By refocusing my speech on what it's like to live with depression and cPTSD, one goal is to combat this mythology of a "disease" with a "cure", but the bigger goal is to inject some humanity into the public conception of people with these conditions. The spoon theory works because snatching spoons out of someone's hand creates a visceral reaction, which induces a personal experience of the claim that "life is harder", and thus causes one to view people with chronic conditions as expressing authentic human responses to living in a particular kind of world— even when that world isn't the one the snatchee is used to inhabiting. When I speak of my paranoia about releasing writings into the world, or the fear that masculinized cultures induce in women, or the panic I experience whenever I have the presumption to share deep personal opinions, or the rage I feel at people dismissing the monumental pain of living, my goal in all these disclosures is to help people see —for once— that I am human. That my responses are authentic, that they are responses shared by countless others who live in worlds like the one I inhabit. We are not diagnoses, we are not labels, we are not identities; we are human. We do not feel the need to describe our umwelt to one another, but you know not how to read the meaning we utter in the gaps between words. And this is why I speak, if you can but hear.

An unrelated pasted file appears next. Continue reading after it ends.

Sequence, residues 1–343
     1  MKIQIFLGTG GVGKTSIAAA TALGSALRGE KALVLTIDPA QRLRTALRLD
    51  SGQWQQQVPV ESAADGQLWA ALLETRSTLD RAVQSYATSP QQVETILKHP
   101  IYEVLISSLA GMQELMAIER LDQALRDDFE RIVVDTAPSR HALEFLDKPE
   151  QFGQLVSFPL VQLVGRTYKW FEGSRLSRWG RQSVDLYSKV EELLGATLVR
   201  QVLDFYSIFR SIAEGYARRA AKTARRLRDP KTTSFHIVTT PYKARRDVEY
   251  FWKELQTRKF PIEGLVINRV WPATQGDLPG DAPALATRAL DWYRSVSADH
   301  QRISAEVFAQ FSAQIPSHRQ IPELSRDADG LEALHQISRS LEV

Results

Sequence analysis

Afterword

While editing the above post, I became aware of an abusive campaign against Zoë Quinn (the creator of Depression Quest) orchestrated by a malicious ex. This sort of invasive, dehumanizing, personalized attack is not at all uncommon— for women. If you are a man, you cannot comprehend what this is like because it is a form of gendered violence tailored exclusively to women. This is part of our umwelt. As women, our realities are shaped by the ever-present threat that our sexualities will be weaponized against us.